Posted 09 February 2007 - 10:05 PM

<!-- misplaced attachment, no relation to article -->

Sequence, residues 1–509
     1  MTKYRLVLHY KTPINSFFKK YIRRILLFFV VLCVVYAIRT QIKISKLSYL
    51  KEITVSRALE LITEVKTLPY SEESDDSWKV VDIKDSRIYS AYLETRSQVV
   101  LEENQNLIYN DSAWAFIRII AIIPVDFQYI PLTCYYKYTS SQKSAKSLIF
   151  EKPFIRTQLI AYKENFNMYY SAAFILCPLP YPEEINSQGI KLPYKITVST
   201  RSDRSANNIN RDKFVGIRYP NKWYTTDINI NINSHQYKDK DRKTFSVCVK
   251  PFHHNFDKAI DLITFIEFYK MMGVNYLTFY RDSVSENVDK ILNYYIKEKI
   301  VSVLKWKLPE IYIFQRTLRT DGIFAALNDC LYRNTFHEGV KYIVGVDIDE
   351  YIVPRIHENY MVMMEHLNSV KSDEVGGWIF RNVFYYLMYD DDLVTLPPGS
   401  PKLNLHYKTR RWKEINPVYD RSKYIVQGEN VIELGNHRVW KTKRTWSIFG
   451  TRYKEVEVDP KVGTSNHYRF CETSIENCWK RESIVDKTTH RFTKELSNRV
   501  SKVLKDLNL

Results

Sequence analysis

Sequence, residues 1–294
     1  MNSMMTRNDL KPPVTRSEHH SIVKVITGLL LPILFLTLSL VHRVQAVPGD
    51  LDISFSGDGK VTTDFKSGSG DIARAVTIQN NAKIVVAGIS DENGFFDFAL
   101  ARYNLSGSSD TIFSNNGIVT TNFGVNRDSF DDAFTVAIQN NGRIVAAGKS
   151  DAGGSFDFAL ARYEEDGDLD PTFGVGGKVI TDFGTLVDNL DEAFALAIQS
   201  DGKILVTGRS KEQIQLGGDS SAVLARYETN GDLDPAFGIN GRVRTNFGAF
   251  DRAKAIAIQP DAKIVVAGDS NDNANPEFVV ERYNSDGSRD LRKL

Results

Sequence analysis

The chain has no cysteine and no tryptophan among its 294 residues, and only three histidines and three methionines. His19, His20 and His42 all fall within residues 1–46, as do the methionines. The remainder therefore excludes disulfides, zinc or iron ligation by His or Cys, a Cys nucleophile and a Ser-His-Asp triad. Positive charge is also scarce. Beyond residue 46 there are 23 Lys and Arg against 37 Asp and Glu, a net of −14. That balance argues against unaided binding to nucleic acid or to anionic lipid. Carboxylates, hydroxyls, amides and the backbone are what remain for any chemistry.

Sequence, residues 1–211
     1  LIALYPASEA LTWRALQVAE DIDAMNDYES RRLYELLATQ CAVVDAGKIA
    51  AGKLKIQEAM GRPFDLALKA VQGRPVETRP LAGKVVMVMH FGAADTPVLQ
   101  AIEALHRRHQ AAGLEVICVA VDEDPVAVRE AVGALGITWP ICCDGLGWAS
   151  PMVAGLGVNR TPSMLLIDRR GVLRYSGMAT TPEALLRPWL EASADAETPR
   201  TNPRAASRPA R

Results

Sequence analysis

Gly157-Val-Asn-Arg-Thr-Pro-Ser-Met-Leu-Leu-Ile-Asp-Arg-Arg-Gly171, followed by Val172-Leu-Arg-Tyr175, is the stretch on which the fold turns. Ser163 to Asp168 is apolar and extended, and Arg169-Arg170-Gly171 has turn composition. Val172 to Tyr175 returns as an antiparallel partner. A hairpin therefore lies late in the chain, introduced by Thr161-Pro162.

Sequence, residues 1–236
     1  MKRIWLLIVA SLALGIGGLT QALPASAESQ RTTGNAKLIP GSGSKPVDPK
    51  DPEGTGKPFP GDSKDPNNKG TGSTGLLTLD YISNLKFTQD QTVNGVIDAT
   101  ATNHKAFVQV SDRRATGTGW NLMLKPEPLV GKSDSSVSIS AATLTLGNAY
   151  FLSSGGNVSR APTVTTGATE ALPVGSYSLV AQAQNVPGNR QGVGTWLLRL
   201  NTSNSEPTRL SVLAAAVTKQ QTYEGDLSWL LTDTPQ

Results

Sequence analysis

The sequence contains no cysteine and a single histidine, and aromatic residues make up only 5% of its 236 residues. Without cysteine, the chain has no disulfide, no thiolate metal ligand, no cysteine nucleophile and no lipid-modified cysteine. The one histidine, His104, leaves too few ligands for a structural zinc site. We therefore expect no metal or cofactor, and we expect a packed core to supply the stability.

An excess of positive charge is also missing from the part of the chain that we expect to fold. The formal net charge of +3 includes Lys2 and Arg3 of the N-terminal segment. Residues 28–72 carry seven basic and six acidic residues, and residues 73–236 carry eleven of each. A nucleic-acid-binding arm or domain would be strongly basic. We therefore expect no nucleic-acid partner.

Bill,I fear my earlier response reflects some jet lag which I need to clarify. Each 18° tick mark on the Ship Turn Indicator is equivalent to a cost of 2 Kts as described in Section 1.2.3 on page 1-2. Thus, the first tick costs 2 Kts, the second (36°) costs 4 Kts, etc. As a ship leans into a continued turn, lateral resistance increases, costing more "Kts" worth of movement energy. The more she turns, the greater the "cost" of this resistance. In the interest of simplicity, this is reflected as a constant 2 Kts/18° on the Ship Turn Indicator. By allowing minor turns of < 30° to be made without measuring with the Ship Turn Indicator, movement is made easier and captains can, in effect, execute these minor changes in course without extra cost at the normal one Kt/1oo yds due to minor lateral resistance as noted in my earlier reply. For turns > 30°, the cumulative cost is simulated at a cost of 2 Kts/tick. Thus, a two tick turn (36°) costs 4 Kts, etc.Not quite sure I understand what you mean by your variants. Seems your variant 2 is what I've described. I'm not sure what number 3, the bold variant, means either, but I agree the cumulative cost is similar. If I haven't answered your question, take another shot. The intent is simply to simulate that significant course changes cost movement due to lateral resistance and hull slewing in the waves, in a quick, easy way without getting into the complex physics of movement in a liquid medium. I will look forward to your upload as the draft version of your movement gage that I have seen contains some nice, innovative aids to define movement in different situations. Well Done!